Somebody up and decided she’d had enough of this crawling business.
So where have I been? Well, besides watching Vivian grow up before my amazed eyes, I’ve been cloistered these last few months, coming out only to go to work, sell vegetables on Thursdays, and get groceries.
Why, you ask? Well, here’s the deal. It all comes down to money. As it turns out, the machine that goes “ping” really is the most expensive machine at the hospital, and when Vivian was born, she got three or four all to herself and Chris had a couple hooked up to her as well. And we were in the ranks of the uninsured. All the fine folks knew that, and cut us all the breaks they could, so the final bill only came to about forty-five thousand dollars. So… how to pay for it all?
Maybe you’ve heard — hospitals have gotten very aggressive of late collecting debts. They can and regularly do garnish wages and seize houses to make sure they get theirs. The payment plan they offered made me laugh and laugh: “one quarter now, one quarter next month, one quarter the month after that, and then the final quarter the month after that”. So, here’s what I did. I sat down with some nice folks in their billing department and explained that I’d love to pay my fair share, but there was no way I could under their terms. If they pushed, I’d gladly declare bankruptcy to protect my house. But, if I found a way, what would they take if I paid in cash? Six weeks of negotiations later, and they agreed to wipe out a full half the bill if we paid cash. Many (though not all) of the individual doctors involved agreed to the same deal. So… where to come up with a bit over $20K?
Credit Cards. Yup, big fat cash advances from all of the banks that would issue us credit cards. Given the interest rates being offered last fall, we came away in pretty good shape. $20K in debt gone, the risk to our home and paycheck largely gone, but still a mountain of debt. (And why credit cards? Mostly because it was a: fast, and b: unsecured debt, shielding our property)
Even with half the debt gone, that was only a temporary solution. We worked like mad to bring our income up to match the payments, but when the introductory rates expired, we were only treading water. And, with the changes in how monthly payments are calculated coming up, there wasn’t any way we could have continued, even paying only the minimums. And on top of that, the changes in bankruptcy law would have left us stuck for a long, long time.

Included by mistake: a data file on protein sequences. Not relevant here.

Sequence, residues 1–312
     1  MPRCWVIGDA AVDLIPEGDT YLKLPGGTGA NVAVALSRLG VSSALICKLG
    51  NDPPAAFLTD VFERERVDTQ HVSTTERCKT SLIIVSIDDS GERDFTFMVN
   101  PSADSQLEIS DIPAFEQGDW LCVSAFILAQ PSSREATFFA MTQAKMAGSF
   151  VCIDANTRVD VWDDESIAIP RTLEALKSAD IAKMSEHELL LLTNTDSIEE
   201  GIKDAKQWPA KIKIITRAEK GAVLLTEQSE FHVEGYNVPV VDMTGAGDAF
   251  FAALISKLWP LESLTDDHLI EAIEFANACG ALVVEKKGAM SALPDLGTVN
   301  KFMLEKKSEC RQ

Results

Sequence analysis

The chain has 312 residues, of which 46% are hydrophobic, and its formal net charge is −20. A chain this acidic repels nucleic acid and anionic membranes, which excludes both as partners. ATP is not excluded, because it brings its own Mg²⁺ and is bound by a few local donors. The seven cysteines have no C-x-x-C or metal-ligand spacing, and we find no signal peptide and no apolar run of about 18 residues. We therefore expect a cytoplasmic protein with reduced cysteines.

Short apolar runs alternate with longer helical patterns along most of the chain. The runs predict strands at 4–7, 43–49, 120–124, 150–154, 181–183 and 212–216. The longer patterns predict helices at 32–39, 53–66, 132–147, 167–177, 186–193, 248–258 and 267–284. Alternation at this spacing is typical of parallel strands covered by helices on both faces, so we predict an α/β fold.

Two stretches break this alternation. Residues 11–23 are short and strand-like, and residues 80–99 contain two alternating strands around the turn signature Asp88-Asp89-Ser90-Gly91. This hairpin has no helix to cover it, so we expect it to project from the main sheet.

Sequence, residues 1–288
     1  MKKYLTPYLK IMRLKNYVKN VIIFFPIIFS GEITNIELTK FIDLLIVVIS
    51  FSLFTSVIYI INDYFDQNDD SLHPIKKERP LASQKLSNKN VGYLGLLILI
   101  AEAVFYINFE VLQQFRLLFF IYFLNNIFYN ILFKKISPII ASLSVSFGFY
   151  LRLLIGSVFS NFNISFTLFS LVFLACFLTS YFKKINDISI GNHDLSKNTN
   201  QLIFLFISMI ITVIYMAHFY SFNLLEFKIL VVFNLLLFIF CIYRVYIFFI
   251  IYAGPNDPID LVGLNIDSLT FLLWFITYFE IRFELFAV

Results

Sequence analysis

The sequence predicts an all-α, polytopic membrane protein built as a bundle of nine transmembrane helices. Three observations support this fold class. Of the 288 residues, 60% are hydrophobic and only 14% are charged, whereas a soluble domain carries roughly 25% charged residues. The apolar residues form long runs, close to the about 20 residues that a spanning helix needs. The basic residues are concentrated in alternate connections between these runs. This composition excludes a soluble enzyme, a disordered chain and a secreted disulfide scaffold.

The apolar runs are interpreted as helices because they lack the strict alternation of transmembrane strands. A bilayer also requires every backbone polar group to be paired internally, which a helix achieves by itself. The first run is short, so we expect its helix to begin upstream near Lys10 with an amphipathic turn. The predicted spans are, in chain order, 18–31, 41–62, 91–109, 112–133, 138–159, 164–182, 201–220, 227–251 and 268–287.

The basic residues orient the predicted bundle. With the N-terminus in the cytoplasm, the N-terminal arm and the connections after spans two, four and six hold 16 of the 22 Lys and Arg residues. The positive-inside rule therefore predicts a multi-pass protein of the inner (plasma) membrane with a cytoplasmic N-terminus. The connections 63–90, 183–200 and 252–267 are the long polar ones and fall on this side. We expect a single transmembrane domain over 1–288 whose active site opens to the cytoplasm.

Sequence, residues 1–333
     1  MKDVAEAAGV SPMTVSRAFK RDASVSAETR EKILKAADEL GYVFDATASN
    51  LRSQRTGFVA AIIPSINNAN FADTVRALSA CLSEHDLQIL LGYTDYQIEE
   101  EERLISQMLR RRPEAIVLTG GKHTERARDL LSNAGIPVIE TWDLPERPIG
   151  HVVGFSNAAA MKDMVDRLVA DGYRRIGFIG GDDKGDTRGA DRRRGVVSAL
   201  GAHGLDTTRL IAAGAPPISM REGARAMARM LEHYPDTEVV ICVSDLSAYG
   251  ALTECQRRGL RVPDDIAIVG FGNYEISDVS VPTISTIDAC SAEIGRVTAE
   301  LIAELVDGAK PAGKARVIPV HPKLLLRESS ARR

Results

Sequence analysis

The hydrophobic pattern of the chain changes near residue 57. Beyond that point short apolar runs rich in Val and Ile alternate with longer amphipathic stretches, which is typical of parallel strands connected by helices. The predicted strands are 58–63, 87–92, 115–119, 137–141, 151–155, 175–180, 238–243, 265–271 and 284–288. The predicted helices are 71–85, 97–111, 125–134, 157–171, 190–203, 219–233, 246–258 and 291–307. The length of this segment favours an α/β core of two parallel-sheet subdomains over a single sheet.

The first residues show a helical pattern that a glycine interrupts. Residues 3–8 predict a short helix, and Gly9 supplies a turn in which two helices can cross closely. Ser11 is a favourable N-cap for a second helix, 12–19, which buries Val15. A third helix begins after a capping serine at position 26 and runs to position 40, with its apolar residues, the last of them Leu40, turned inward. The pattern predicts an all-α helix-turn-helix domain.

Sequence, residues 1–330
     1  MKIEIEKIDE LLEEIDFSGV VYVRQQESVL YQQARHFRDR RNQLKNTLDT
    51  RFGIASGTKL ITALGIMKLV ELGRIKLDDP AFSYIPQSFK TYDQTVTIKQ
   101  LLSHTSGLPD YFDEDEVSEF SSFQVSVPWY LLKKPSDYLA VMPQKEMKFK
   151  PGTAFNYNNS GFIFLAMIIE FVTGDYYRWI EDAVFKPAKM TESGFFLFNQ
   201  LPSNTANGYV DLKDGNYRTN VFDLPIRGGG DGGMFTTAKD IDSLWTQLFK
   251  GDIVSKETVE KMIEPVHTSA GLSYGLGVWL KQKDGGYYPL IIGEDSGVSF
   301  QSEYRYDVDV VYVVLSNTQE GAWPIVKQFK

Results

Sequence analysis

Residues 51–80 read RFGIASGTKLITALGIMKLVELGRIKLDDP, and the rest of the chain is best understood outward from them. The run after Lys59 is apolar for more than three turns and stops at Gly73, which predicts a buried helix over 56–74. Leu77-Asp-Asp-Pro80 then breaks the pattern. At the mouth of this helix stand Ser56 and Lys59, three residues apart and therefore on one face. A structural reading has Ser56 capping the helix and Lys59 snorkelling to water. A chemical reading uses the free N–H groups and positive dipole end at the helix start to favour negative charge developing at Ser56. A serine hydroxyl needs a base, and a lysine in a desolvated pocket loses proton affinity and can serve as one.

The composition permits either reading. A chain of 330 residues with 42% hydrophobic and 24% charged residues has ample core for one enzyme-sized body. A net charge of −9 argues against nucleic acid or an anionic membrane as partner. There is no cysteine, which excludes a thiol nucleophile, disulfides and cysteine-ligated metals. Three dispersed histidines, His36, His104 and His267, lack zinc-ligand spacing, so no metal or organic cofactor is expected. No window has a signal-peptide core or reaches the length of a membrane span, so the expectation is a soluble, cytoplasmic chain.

We came right to the very edge of declaring Chapter 7 bankruptcy before the deadline, but we found a last-second way to finance the debt in a way that would allow us to pay our fair share of the machine that goes “ping”, but it’d still be a lot of hard work.
So that brings me to what I’ve been up to. Trying to make money. You all know that I’ve got a great job that pays decently (and now, after witnessing my drama, even offers health insurance) but not great, so I’ve got to look elsewhere for income. The farm has turned a profit for the last few years, but that’s not a great return on my labor. But there’s a lot of demand for quality web development, and that I can do.
So I did what anyone in my shoes would do. I learned a new language.
I’ve gotten to be pretty good at PHP, a computer language used behind the scenes for many web applications. Most everything you’ve seen me involved with has been done in PHP. It’s really a great language, but writing web applications in it is just too darned slow. It just takes a lot of time to design, code, test, and deploy, and I wanted something stronger, faster, better. Enter… Ruby on Rails.
I won’t get into details, but suffice it to say that now that I’ve learned it, it’s just the best thing ever. I can write great integrated dynamic web applications in a fraction — maybe even a tenth — the time it used to take me. Getting comfortable with it took a while, mostly because it’s new and not entirely the easiest to set a web server up to use it, but now that I have it’s like the gates have been opened. I’ve got several projects in development now and one nearly done. I work a lot and sleep little, but I see a way out, and I can get there from here.
And that’s what I’ve been up to.
Take a look at my first project. It’s a full website for the Broad River Watershed Association, a non-profit land trust for the river I live on. The BRWA is an all-volunteer member-driven community organization, and the website will serve as a public front and the organization’s office, where they can keep track of the membership roster, plan events, create newsletters, and so on.
And the best part (for me) is that to a great extent, all all-volunteer member-driven community organizations have the same needs, so I can repackage what I’ve done and market it to other groups in need. I’ll show you other projects I’m working on as they get closer to completion, but should you not hear from me in a while, you’ll know what I’m doing.